As an aside, when a child is abused at a young age, their amygdala becomes enlarged and is activated much more easily.

If you’re still holding your arm up, make a fist. Your fist is the limbic region of the brain.

Neocortex

The neocortex is the last part of the brain to develop. While it starts to grown when you’re young, it really kicks in when you hit your teenage years and doesn’t fully develop until around age 25 (which is why teenagers are so impulsive and don’t think things through. Their limbic regions are fully developed, enabling them to act on their emotions, but their thinking brain doesn’t yet have the capacity to keep up and balance it with the ability to reason things out).

The neocortex is commonly called the thinking brain. It’s responsible for exactly that. Thinking. Which includes reasoning and problem solving.

Going back to your arm, keep your fist clenched, and wrap your other hand over your fist. This hand is the neocortex.

Take a look at this first picture. Hope you like my super artistic ability! It shows the Triune Brain as I’ve described. Hope it makes sense with the colour coding.

triune brain 3

Let’s go back to caveman times for a second

I want you to take on the role of caveman for a moment. You’re coming out of your cave to do the hunter-gatherer thing. You’re too far out to get back inside quickly, and you suddenly notice a saber-toothed tiger sitting on a rock to your right. And this tiger is look at you like you are its next meal.

saber toothed tiger

What do you do?

Here is where the amygdala comes into play.

You see the tiger, you hear it, and you may feel vibrations under your feet, smell it and so on. Your brain takes in this information and sends it to the amygdala.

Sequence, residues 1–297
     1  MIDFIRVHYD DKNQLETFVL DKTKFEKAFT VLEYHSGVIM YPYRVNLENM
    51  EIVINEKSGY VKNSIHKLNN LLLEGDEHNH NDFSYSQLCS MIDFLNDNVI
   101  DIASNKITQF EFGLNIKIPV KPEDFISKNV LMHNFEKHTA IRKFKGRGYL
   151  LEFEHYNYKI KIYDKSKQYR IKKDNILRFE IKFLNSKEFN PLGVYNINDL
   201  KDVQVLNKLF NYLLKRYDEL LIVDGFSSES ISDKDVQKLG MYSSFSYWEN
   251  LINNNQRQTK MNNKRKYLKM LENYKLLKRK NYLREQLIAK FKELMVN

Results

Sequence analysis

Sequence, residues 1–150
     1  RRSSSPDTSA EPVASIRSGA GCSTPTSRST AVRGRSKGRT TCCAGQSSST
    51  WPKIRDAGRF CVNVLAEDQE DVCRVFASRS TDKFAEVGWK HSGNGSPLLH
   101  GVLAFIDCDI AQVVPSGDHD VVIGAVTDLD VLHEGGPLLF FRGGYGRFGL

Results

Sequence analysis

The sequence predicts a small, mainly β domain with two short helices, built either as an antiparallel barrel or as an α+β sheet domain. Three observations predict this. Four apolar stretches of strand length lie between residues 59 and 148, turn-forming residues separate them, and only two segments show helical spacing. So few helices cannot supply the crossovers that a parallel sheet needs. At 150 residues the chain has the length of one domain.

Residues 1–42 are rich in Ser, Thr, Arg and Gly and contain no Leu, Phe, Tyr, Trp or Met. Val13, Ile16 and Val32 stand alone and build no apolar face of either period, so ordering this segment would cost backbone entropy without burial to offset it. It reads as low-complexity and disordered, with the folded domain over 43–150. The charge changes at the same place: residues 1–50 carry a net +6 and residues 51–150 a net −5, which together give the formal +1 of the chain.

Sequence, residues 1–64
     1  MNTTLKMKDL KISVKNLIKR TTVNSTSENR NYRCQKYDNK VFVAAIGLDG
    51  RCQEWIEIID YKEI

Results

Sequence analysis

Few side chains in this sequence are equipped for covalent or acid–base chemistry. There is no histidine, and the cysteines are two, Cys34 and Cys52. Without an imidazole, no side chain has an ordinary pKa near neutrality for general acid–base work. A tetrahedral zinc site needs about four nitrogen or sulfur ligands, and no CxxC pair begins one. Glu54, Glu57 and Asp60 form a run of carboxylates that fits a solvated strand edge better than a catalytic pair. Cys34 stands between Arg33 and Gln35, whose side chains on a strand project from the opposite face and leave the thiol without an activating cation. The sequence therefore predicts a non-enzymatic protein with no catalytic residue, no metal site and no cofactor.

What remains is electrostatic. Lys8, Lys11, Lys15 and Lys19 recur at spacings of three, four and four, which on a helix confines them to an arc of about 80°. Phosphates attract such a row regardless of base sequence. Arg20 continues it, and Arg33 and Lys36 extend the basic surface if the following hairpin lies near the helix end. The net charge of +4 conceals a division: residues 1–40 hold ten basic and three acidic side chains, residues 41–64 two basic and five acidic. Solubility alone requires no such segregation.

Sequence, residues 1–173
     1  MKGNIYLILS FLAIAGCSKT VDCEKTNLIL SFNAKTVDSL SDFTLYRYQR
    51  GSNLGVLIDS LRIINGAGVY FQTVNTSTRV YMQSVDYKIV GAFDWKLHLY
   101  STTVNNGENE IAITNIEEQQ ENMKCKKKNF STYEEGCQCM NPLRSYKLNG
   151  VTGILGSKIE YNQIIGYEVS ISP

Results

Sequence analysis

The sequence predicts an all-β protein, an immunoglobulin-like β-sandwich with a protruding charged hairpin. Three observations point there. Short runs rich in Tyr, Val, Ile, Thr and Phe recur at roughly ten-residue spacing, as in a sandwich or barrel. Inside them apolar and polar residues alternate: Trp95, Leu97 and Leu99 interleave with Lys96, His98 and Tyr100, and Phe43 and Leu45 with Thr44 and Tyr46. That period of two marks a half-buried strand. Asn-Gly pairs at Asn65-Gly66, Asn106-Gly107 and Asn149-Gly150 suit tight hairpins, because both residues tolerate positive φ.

Your amygdala’s sole job is to answer 1 question – is this tiger a threat to my survival?

If the answer is yes, your stress response, or fight/fight response, is immediately activated:

  1. The amygdala sends a signal to the brain stem to say, ok, I need all of my resources available to get me out of this situation alive. Your brain releases adrenalin and cortisol (the 2 main stress hormones) to prepare you for either fight or flight. It increases your heart rate, breathing rate and blood pressure to ready your body to respond.
  2. At the same time signals are sent to the neocortex (thinking centre) that says “I don’t need you right now, time to shut down”. Think about it. Will the tiger sit around waiting for you to think about things and decide which way to go in case it moves to the left 4 inches or closer to you? Let me tell you, it won’t wait. You need to be able to react immediately. If you take time to problem solve your life could very well be terminated! So, the blood flow to your thinking center gets shut down so you can immediately react.